An Introduction to Ralph Waldo Emerson

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Reply Sat 20 Dec, 2008 02:06 pm
Ralph Waldo Emerson (May 25, 1803 - April 27, 1882) was an American essayist, philosopher, poet, and center of the American transcendental movement in the early 19th century.

The son of Ruth Haskins and the Reverend William Emerson, Ralph was born in Boston, Massachesetts on May 25, 1803. Emerson's father descended from a well-known line of ministers. Ralph was the second of five sons to survive into adulthood while the other three Emerson children died in childhood.

Reverend William Emerson died from stomach cancer on May 12, 1811, two weeks before Ralph turned eight years old. As a result, Ralph's mother and other spiritual women in his family raised him and also made a profound impact on his life. Ralph's aunt Mary Moody Emerson lived with the family on and off and maintained continued correspondence with Ralph until her death.

Emerson went to Boston Public Latin School when he was nine, and to Harvard College when he was fourteen. He then went on to study at the Harvard Divinity School, but Emerson's undergraduate career was not illustrious as he was hampered by vision problems. He was ordained at the Second Church in Boston as a minister just before marrying Ellen Tucker in 1829. In 1832 she died of tuberculosis and Emerson resigned his minister position, because he felt he could no longer perform the communion ceremony that had become meaningless to him. With his wife dead and his career broken off, Emerson now sold his house and furniture and set out for Europe.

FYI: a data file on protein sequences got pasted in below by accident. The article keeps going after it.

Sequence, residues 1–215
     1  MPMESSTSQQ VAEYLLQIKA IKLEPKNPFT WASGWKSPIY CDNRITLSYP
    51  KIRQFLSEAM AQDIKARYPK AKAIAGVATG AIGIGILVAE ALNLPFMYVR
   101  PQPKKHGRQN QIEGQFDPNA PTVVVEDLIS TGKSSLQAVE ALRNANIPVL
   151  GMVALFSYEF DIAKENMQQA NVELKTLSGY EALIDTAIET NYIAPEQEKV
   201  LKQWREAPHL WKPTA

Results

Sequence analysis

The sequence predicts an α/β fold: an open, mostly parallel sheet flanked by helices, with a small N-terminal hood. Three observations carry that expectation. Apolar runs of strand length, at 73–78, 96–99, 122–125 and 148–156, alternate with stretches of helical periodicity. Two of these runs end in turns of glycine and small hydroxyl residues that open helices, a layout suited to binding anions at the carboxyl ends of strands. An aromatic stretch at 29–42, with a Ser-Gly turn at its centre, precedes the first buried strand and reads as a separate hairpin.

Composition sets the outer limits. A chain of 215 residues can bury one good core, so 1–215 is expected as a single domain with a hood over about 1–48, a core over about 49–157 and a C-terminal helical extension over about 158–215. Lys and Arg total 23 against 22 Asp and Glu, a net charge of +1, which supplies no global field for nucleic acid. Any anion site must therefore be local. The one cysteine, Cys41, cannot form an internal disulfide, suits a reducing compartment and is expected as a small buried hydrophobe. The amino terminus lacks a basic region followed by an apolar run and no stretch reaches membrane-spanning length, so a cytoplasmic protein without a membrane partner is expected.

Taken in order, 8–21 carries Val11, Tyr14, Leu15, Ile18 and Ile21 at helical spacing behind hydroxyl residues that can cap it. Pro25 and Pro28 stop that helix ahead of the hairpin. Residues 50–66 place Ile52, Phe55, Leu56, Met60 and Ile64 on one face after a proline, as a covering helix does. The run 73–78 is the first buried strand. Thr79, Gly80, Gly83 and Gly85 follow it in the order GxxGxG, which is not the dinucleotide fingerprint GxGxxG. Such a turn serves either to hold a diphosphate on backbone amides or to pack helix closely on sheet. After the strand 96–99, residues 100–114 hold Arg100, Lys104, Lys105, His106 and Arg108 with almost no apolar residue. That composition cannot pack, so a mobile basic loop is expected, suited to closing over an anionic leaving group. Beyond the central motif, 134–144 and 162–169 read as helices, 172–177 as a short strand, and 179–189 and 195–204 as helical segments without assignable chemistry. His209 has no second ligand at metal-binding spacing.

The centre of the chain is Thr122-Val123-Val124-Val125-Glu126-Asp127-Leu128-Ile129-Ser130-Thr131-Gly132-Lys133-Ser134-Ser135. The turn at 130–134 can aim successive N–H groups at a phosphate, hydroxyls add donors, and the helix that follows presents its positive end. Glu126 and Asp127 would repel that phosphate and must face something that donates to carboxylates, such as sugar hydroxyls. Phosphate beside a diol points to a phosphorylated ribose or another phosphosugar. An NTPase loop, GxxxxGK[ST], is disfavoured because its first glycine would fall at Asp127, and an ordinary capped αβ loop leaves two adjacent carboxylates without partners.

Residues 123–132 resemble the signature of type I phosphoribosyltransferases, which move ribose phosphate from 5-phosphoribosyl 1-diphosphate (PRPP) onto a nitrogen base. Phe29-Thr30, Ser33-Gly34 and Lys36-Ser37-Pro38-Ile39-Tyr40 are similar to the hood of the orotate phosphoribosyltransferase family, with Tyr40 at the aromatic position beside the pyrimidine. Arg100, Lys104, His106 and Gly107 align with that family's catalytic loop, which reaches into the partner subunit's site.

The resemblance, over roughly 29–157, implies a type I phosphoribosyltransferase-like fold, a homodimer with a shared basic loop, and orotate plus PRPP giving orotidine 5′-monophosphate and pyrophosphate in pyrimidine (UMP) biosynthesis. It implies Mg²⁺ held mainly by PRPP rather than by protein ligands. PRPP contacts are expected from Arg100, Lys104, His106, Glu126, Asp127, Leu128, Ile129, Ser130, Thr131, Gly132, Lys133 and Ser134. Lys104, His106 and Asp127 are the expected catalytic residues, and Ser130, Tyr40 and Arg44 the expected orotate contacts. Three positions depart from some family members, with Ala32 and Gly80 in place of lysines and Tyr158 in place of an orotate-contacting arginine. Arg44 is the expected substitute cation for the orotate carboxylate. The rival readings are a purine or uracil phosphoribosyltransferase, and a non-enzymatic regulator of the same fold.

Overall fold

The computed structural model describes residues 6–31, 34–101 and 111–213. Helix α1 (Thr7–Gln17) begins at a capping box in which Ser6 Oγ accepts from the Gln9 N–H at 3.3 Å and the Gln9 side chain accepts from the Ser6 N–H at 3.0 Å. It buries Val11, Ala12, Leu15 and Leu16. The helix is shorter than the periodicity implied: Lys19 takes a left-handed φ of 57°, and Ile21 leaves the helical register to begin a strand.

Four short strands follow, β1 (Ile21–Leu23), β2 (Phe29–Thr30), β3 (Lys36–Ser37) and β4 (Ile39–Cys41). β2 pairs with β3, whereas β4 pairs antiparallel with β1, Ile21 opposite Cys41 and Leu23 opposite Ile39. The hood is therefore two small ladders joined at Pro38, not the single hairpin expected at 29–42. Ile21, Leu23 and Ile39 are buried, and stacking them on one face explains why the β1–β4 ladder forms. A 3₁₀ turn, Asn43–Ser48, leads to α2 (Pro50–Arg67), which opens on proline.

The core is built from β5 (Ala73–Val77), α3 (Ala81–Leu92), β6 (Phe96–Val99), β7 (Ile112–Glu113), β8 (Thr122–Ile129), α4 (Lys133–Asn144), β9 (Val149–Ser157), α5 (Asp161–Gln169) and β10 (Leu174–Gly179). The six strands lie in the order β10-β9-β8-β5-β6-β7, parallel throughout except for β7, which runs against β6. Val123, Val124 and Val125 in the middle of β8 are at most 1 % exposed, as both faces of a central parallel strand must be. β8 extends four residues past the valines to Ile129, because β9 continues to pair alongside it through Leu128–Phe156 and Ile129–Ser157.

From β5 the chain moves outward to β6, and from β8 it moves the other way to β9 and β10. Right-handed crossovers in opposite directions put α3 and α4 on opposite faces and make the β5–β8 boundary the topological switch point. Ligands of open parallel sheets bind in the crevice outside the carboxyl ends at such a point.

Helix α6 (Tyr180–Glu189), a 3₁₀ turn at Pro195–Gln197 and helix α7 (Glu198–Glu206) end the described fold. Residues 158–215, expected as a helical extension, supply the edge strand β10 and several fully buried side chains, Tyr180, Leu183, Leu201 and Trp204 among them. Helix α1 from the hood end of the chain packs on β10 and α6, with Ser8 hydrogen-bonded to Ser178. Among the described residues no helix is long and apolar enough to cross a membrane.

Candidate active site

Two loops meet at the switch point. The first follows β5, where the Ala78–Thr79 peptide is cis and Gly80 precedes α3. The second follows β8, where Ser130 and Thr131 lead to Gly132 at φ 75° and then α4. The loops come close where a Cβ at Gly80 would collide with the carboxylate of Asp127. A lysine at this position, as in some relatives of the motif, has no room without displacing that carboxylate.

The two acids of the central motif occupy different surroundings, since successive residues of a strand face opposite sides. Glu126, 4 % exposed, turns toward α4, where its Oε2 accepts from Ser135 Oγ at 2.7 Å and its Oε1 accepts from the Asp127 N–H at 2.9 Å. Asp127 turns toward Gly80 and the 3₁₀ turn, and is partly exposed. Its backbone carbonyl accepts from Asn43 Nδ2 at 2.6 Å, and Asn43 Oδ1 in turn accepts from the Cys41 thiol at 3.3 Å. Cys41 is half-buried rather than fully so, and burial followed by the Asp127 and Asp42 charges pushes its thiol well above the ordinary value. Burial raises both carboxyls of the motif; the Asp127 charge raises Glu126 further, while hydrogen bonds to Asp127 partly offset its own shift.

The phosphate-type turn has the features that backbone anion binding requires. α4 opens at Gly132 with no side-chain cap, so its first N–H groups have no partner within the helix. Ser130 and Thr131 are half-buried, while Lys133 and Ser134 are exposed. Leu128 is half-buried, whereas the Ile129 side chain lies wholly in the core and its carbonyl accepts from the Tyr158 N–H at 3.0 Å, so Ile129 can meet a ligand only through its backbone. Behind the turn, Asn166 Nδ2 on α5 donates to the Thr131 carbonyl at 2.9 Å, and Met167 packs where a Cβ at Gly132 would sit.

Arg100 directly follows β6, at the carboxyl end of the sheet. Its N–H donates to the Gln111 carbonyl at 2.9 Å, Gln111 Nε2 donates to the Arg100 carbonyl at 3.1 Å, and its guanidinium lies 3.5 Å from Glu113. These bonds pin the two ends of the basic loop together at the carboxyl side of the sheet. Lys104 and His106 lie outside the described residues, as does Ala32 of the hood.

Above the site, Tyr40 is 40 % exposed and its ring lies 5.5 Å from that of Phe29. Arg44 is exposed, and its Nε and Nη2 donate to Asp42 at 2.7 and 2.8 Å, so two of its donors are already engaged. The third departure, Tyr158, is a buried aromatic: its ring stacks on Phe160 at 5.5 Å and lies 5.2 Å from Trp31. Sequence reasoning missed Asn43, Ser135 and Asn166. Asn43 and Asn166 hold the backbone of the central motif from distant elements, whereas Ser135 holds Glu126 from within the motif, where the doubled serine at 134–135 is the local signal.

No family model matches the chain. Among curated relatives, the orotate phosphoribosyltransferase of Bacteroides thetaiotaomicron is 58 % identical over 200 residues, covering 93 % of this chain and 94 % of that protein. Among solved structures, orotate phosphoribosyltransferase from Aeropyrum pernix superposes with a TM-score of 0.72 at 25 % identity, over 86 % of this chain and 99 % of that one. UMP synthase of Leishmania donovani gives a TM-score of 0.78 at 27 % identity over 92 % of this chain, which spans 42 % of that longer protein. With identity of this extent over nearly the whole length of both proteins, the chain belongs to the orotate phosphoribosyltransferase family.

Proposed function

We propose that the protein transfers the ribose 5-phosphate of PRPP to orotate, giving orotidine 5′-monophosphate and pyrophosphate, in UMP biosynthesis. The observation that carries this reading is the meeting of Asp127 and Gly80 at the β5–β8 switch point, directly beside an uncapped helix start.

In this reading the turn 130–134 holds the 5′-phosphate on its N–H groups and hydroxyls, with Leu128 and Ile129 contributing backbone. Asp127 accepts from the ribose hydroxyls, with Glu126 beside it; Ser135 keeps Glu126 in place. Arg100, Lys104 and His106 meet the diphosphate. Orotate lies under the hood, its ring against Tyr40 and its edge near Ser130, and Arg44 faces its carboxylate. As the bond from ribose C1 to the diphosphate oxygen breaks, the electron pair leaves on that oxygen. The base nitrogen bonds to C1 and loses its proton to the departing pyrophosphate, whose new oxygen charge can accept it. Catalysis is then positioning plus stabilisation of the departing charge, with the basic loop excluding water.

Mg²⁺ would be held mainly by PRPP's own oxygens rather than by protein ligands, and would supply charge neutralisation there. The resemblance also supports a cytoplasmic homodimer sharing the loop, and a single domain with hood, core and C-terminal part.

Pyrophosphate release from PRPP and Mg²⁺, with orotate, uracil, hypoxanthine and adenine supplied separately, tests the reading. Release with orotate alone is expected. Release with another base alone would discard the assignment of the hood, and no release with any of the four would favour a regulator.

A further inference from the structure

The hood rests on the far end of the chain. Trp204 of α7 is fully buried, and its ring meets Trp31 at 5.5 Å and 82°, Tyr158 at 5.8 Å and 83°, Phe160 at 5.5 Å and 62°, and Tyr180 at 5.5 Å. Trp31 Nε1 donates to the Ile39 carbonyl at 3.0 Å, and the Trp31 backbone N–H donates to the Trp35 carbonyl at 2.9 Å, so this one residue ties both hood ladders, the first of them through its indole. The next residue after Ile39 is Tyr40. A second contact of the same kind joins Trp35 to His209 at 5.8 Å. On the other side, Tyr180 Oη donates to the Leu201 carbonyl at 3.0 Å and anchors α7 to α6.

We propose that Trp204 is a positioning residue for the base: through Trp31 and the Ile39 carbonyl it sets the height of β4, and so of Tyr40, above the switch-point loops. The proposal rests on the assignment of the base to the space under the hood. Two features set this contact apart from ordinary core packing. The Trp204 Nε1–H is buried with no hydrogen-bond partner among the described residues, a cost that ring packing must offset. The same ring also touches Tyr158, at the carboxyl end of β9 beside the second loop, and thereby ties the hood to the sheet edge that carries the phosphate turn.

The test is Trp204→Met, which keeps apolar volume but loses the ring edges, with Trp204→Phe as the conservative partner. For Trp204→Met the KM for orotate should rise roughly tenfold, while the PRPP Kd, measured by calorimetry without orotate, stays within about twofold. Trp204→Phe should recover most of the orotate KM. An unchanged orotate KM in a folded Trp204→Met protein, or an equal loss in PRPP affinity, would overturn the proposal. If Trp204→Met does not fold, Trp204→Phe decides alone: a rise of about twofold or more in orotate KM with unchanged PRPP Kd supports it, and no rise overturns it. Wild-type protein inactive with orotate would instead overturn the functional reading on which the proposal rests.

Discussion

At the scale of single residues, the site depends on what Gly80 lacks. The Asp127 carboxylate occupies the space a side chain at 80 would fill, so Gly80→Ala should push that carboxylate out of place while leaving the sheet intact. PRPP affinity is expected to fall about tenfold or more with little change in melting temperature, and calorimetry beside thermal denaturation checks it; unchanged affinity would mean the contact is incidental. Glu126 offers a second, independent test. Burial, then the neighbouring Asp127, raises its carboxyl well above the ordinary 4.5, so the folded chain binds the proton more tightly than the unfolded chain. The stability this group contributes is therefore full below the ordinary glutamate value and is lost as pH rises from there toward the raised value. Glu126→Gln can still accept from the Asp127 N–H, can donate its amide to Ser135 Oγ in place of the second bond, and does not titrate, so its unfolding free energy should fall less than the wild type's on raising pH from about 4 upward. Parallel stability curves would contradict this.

He spent nine months abroad, almost six of them in Italy, working from Sicily to Naples to Rome, Florence, Venice, then on to Switzerland and Paris. In Paris, at the Jardin des Plantes, he experienced the full power and appeal of the new botanical and zoological sciences, and he turned decisively from theology to science, vowing to become a naturalist. Emerson returned back to the states to begin a career of lecturing. He married Lydia Jackson in 1835 and they lived in Concord, Massachusetts having four children. Emerson settled into a life of conversation, reading, writing, and lecturing which provided a comfortable income for the family.
Emerson and other like-minded intellectuals formed the Transcendental Club to serve at the center of their new movements with the first meeting being held on September 19, 1836. Emerson published his first essay, Nature, anonymously in September 1836 and gave his famous speech, The American Scholar, before the Phi Beta Kappa Society at Cambridge on August 31, 1837.

The Emersons constantly entertained visitors with friends Elizabeth Hoar, Margaret Fuller, and Henry Thoreau staying for month to talk and help out. Emerson, Bronson Alcott, and George Ripley started the magazine The Dial with Margaret Fuller editing and then Emerson taking over the editorial duties for the final two years, ending in 1844.

On April 19, 1882, Emerson went walking despite having an apparent cold and found himself in a sudden rain shower. Two days later, he was diagnosed with pneumonia, and he died on April 27, 1882. Emerson is buried in Sleepy Hollow Cemetery, Concord, Massachusetts. He was placed in his coffin wearing a white robe given by American sculptor Daniel Chester French.

Transcendentalism was rooted in the transcendental philosophy of Immanuel Kant (and of German Idealism more generally), which offered the New England intellectuals of the early 19th century an alternative to the Lockean "sensualism" of their fathers and of the Unitarian church. This alternative was extracted from Vedic thought, German idealism, and English Romanticism.

Emerson himself said in a lecture called "The Transcendentalist," delivered in December 1841: